Case #1: A 5-year-old boy with abdominal pain was brought to the ED by his parents. The pain had been present for 12 hours, and the child had vomited once. There was no fever or diarrhea. Tenderness in the right lower quadrant was noted on examination. Laboratory data reveal 10-25 white cells per high-powered field in the urine and a WBC count of 7,600/μL. What should be done next?

Options include: (1) treat for a UTI and send home; (2) culture the urine but do not treat and send home; (3) order a CT scan of the abdomen; and (4) order an ultrasound of the right lower quadrant.

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While all of the options except #1 could be correct depending on the circumstances, ultrasound of the right lower quadrant is the most appropriate choice. A UTI should not cause unilateral pain or tenderness, and appendicitis may cause a sympathetic pyuria with up to 25 white cells per field (up to 100 white cells per field is possible). If there is minimal tenderness on exam and the rest of the exam is normal, home observation with recheck in eight hours is a perfectly viable option for possible early appendicitis. While CT scan is very sensitive for appendicitis, the radiation exposure should be considered as a disadvantage in a patient this young.

Diagnostic ultrasound is almost as sensitive as CT, with overall sensitivities in the 80%-90% range or better (compared with 92%-97% for CT).1 Ultrasound is also faster than CT and has the advantage of being contrast- and radiation-free. In general, ultrasound should be the initial imaging test of choice in the pediatric patient with suspicion for appendicitis. If negative, CT scanning or home observation with eight-hour recheck should be considered, depending on clinical suspicion and other factors.

In this case, ultrasound was positive for a dilated appendix (Figure 1). The patient was taken to the operating room (OR) and underwent a successful appendectomy.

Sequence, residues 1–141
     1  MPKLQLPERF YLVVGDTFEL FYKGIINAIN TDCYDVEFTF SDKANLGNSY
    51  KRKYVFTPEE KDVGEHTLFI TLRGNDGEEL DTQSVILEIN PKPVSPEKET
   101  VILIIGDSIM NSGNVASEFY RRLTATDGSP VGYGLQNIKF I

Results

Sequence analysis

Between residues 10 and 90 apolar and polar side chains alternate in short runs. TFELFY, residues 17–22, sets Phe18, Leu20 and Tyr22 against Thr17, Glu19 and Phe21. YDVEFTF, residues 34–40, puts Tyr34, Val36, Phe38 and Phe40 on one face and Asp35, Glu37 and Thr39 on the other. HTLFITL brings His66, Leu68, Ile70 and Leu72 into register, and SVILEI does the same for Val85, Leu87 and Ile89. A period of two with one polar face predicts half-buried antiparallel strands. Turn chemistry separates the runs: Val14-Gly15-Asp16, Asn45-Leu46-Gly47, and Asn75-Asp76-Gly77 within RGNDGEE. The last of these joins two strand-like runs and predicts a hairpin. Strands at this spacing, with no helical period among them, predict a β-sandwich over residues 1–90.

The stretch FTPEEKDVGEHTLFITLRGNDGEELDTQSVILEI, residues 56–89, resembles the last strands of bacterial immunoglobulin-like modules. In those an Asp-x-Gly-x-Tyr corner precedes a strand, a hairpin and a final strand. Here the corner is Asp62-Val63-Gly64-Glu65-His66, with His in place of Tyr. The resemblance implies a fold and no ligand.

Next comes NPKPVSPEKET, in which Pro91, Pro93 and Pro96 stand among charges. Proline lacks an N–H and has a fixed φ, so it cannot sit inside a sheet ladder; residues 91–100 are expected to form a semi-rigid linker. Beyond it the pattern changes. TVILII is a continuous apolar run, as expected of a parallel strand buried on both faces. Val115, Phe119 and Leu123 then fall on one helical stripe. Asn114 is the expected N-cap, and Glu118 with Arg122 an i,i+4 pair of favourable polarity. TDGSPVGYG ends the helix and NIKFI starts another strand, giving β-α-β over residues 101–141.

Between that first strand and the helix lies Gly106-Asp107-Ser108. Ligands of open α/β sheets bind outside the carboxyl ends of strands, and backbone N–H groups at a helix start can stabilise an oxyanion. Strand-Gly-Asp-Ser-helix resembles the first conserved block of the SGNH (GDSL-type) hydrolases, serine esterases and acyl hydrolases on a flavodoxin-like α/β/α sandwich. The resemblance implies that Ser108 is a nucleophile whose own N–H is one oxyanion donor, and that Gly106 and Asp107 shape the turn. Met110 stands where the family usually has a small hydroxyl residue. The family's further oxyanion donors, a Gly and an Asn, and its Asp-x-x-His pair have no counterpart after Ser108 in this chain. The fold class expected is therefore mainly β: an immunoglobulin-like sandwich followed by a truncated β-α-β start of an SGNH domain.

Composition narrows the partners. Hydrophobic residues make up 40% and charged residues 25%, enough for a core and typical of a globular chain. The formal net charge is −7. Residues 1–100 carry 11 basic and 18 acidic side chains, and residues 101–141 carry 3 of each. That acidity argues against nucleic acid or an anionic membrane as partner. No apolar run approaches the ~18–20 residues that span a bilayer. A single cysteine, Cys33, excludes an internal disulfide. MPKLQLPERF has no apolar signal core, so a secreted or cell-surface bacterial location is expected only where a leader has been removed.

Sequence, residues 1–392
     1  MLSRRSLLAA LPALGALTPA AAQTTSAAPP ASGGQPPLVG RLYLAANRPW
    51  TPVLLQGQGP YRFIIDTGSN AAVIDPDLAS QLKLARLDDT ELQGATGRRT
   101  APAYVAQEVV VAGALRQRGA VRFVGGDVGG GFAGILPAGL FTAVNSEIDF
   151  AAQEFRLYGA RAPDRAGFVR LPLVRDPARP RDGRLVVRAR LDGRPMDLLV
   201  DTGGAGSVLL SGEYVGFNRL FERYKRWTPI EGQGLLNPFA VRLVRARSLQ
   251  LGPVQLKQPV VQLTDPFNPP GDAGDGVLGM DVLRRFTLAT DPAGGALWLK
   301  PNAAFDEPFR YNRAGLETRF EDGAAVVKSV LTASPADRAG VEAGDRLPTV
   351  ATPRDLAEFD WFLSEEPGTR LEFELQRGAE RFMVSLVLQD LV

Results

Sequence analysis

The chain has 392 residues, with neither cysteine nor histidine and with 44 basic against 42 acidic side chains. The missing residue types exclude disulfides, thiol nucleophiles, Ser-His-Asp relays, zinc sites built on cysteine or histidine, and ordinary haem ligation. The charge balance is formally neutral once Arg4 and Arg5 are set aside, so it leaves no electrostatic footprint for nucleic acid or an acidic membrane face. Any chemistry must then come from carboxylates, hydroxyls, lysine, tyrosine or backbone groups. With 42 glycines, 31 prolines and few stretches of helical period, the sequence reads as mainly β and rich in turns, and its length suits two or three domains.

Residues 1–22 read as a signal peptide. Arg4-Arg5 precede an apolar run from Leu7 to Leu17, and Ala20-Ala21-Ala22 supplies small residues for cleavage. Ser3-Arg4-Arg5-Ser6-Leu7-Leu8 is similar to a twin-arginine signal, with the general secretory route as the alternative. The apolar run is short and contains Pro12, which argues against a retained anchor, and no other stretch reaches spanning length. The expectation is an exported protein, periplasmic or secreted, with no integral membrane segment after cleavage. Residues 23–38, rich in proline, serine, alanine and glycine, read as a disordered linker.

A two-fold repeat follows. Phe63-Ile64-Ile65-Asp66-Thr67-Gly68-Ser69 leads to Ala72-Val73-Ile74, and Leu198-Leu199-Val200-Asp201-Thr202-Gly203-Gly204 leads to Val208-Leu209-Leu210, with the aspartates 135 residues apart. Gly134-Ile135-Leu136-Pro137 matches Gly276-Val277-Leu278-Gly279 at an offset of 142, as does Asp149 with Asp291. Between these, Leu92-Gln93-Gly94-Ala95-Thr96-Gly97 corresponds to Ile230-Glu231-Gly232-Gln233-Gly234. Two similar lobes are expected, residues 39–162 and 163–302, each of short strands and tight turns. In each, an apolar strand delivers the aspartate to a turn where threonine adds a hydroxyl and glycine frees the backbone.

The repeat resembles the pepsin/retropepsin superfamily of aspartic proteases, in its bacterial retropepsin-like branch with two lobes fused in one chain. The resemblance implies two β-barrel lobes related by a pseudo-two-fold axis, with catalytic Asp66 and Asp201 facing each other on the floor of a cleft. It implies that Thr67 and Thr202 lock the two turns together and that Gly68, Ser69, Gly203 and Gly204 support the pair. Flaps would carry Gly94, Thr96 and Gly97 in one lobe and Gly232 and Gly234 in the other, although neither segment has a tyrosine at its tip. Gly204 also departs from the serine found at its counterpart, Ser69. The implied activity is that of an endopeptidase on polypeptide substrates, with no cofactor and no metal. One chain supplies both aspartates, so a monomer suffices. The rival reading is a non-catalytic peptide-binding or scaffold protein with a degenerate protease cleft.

A final option to consider in classic appendicitis is surgery without imaging. This minimizes delay and radiation exposure. Malpractice suits involving ruptured appendixes have been won on the basis of an avoidable delay attributable to imaging deemed unnecessary due to a classical presentation.

Case #2: A woman aged 40 years presented to the ED after two hours of severe abdominal pain. On exam, the patient was found to be in severe distress with rebound tenderness. Her husband was yelling at the staff, “Why don’t you people do something?” What would be the initial diagnostic test of choice?

An ectopic pregnancy should be the first consideration with a woman in her childbearing years with sudden severe abdominal pain. Rapid ultrasound at the bedside is the imaging test of choice for conditions in which the usual delays associated with more formal imaging could prove fatal (e.g., ectopic pregnancy or leaking abdominal aortic aneurysm). If the provider is proficient in emergency bedside ultrasonography, a rapid transabdominal ultrasound can detect hemoperitoneum (Figure 2) in 60 seconds. This patient was diagnosed with a ruptured ectopic pregnancy and taken to the OR before her pregnancy test results were even available. She became quite hypotensive after arrival, but recovered well thanks to a speedy disposition to the OR. If there had been further delay, the outcome might have been worse.